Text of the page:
• date-time: Date.toISOString()
  • array
    • @minItems {number}
    • @maxItems {number}

By the way, I do not recommend this way, because it can't perform union numeric types, and can be used for only object property type. It can't be used standalone, and cannot be used for element type of Array and Map even when they're declared on object property. Also, When you declare @type int32 statement, target number type be fixed as int32 type, and never can have another numeric type by declaring union statements.

Also, those comment tags are not type safe. If you take a mistake when writing a comment tag, it will not be detected by the compiler, and will cause an error at runtime. For example, if you write a mis-spelled keyword like @type unit32, the target number type would be double type, and you can identify it just by running the program (or visiting playground website).


is.tag.ts
import typia from "typia";
 
export const checkCustomTag = typia.createIs<CustomTag>();
 
interface CustomTag {
    /**
     * @type uint32
     */
    type: number;
 
    /**
     * @exclusiveMinimum 19
     * @maximum 100
     */
    number?: number;
 
    /**
     * @minLength 3
     */
    string: string;
 
    /**
     * @format /^[a-z]+$/
     */
    pattern: string;
 
    // NO WAY WHEN COMMENT TAG
    // /**
    //  * Type tag can perform union type.
    //  * 
    //  * In here case, format can be oneof `ipv4` or `ipv6` format.
    //  */
    // format: (string & (tags.Format<"ipv4"> | tags.Format<"ipv6">)) | null;
 
    // NO WAY WHEN COMMENT TAG
    // /**
    //  * In the Array case, only type tag can restrict element type.
    //  */
    // array: Array<string & tags.Format<"uuid">> 
    //     & tags.MinItems<3> 
    //     & tags.MaxItems<100>;
 
    // NO WAY WHEN COMMENT TAG
    // /**
    //  * Also, only type tag can handle map type.
    //  */
    // map: Map<
    //     number & tags.Type<"uint32">, 
    //     Array<string & tags.Format<"uuid">> & tags.MinItems<1>
    // >;
}

Customization

TagBase.ts
export type TagBase<Props extends TagBase.IProps<any, any, any, any, any>> = {
    /**
     * This is a dummy property for compilation.
     * 
     * It does not mean anything in runtime.
     */
    "typia.tag"?: Props;
};
export namespace TagBase {
    export interface IProps<
        Target extends "bigint" | "number" | "string" | "array",
        Kind extends string,
        Value extends boolean | bigint | number | string | undefined,
        Validate extends
            | string
            | {
                  [key in Target]?: string;
              },
        Exclusive extends boolean | string[],
    > {
        /**
         * Target type.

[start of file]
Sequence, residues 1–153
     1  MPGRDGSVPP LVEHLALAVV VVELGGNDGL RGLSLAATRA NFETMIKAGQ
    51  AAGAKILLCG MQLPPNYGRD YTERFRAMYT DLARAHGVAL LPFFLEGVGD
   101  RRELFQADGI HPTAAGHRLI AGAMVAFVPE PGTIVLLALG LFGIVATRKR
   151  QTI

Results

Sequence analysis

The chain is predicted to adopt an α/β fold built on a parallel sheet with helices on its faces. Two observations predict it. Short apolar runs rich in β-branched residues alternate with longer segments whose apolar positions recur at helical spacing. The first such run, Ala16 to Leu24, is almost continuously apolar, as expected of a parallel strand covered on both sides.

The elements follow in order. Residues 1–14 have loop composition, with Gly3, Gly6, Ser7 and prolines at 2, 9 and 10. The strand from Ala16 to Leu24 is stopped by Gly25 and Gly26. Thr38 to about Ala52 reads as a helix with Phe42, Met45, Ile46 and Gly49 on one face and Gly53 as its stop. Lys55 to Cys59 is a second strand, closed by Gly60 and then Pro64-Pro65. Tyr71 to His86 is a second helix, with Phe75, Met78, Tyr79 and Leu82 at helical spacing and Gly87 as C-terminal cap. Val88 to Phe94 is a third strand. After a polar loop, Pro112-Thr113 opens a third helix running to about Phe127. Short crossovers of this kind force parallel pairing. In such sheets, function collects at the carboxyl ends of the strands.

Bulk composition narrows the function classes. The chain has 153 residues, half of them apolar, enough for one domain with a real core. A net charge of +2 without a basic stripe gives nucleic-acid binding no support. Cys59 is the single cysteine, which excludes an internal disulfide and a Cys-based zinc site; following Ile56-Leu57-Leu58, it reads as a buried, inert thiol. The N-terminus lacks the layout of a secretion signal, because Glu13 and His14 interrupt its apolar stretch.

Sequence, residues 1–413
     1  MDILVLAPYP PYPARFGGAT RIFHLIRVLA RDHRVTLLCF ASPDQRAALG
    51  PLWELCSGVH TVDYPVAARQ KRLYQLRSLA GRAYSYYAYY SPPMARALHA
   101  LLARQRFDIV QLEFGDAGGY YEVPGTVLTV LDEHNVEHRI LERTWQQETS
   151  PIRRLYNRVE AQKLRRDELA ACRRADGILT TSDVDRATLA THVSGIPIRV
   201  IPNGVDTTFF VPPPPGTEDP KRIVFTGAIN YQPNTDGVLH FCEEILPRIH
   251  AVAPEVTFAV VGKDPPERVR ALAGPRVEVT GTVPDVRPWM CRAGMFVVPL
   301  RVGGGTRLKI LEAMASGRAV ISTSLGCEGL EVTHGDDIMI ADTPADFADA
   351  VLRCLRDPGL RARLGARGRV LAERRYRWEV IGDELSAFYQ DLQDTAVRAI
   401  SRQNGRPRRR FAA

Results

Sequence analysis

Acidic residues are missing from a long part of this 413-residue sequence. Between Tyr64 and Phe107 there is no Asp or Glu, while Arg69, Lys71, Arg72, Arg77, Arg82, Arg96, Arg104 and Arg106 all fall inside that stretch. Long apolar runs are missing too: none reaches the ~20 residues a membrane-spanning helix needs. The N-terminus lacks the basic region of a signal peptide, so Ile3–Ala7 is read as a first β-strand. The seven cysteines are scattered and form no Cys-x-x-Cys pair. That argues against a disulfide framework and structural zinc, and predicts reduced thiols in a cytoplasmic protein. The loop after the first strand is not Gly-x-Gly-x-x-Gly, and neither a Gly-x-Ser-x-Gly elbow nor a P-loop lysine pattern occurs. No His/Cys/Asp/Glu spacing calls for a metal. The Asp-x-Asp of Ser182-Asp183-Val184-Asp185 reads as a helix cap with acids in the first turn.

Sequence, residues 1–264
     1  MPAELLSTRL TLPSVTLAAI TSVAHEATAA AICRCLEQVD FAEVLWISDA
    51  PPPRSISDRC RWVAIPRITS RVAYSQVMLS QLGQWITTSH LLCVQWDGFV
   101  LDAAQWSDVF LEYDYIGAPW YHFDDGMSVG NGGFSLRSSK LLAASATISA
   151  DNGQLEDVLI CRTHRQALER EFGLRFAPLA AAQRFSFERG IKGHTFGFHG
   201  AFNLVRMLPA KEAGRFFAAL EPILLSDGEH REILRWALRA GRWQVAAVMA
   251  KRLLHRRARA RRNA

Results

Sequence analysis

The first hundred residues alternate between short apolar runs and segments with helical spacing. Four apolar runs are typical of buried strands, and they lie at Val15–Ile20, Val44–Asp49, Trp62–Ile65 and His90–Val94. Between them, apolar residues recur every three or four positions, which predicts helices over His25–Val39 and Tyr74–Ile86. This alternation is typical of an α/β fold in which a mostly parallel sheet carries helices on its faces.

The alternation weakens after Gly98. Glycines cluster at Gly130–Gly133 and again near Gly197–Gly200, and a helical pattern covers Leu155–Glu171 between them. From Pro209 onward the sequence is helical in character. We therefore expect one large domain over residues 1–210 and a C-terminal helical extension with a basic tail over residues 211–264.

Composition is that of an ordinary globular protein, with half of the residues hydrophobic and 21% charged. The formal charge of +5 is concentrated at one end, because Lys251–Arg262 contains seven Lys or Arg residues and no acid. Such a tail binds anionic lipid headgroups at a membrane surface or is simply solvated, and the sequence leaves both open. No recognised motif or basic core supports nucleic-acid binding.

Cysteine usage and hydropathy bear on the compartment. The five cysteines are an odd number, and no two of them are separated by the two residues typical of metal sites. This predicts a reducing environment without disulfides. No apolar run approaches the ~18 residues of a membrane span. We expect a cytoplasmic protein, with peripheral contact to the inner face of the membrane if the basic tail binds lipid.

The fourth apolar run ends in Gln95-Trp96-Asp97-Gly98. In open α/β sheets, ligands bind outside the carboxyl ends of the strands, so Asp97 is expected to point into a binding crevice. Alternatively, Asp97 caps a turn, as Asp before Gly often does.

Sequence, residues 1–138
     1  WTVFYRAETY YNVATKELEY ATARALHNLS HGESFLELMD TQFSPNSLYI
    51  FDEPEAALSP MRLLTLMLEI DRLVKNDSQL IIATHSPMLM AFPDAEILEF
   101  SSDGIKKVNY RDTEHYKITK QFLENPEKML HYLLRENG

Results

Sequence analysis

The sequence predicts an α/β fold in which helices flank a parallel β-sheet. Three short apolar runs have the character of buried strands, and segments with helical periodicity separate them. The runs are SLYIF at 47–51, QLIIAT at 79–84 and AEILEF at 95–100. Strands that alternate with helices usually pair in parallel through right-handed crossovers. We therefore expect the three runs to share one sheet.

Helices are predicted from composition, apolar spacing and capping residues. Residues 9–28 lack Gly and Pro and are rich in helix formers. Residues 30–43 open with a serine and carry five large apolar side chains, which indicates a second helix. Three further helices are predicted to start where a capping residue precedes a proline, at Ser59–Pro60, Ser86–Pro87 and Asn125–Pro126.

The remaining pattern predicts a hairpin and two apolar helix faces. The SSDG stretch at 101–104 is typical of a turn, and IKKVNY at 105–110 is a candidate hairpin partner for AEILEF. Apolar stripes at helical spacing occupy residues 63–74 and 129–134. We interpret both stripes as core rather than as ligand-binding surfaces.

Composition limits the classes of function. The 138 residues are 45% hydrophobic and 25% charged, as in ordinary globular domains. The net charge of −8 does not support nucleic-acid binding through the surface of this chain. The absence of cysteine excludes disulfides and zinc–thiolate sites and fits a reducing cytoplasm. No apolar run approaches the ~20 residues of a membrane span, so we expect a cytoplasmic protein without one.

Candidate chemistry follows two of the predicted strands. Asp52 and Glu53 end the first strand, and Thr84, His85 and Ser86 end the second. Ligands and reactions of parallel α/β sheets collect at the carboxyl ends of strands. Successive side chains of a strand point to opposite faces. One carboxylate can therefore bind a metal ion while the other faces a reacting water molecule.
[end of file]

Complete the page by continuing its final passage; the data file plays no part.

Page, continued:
*
         * If user tries to adapt this tag to a different type, it would be a compile
         * error.
         *
         * For example, you've configured target type as `string`, but user adapted it
         * onto a `number` type (`number & YourCustomTag<Value>`), then it would be
         * blocked by TypeScript compiler.
         */
        target: Target;
 
        /**
         * What kind of tag is this?
         */
        kind: Kind;
 
        /**
         * Value to be configured by user.
         */
        value: Value;
 
        /**
         * Validation code.
         *
         * This code would be inserted into the generated validation function.
         * In here script, target variable name must be `$input`. The variable name
         * `$input` would be transformed to the suitable when compilation.
         *
         * Also, If you've take a mistake on this script, compile error would be
         * occured. So, define it with confidence. Compiler will block all your
         * mistakes.
         */
        validate: Validate;
 
        /**
         * Exclusive option.
         *
         * If this property configured as `true`, same {@link kind} tag cannot be
         * duplicated in the target type. Otherwise, if you've configured this property
         * as string array, all of the {@link kind} value assigned tag cannot be
         * compatible in the target type.
         * 
         * @default false
         */
        exclusive?: Exclusive | string[];
    }
}

Above types are supported by typia basically.

If you make a custom type tag extending typia.tags.TagBase<Props> type, and utilize it on your type with intersection symbol like number & Minimum<3>, its validation logic 3 <= $input would be inserted into the compiled JavaScript file.

Also, as you can see from the typia.tags.TagBase<Props> type, you have to specify which target type is the tag for, and need to define the tag can be compatible with others or not through exclusive options. If your custom tag has multiple target types, you can support all of those target types by defining validate property as Record<Target, string> type like Type tag case.

In the Korean proverb, there's a word that, "it is much better to do it once than to hear it a hundred times". Let's see how custom type tag of typia can be defined and utilized through an example code. I'll define three custom tag types, Postfix, Dollar and IsEven.

Here is the example code, and I think that it may easy to understand.

is.tag.custom.ts
import typia from "typia";
 
export const checkTagCustom = typia.createIs<TagCustom>();
 
interface TagCustom {
    id: string & typia.tags.Format<"uuid">;
    dollar: string & Dolloar;
    postfix: string & Postfix<"abcd">;
    powerOf: number & PowerOf<2>;
}
 
type Dolloar = typia.tags.TagBase<{
    kind: "dollar";
    target: "string";
    value: undefined;
    validate: `$input[0] === "$" && !isNaN(Number($input.substring(1).split(",").join("")))`;
}>;
 
type Postfix<Value extends string> = typia.tags.TagBase<{
    kind: "postfix";
    target: "string";
    value: Value;
    validate: `$input.endsWith("${Value}")`;
}>;
 
type PowerOf<Value extends number> = typia.tags.TagBase<{
    kind: "powerOf";
    target: "number";
    value: Value;
    validate: `(() => {
        const denominator: number = Math.log(${Value});
        const value: number = Math.log($input) / denominator;
        return Math.abs(value - Math.round(value)) < 0.00000001;
    })()`;
}>;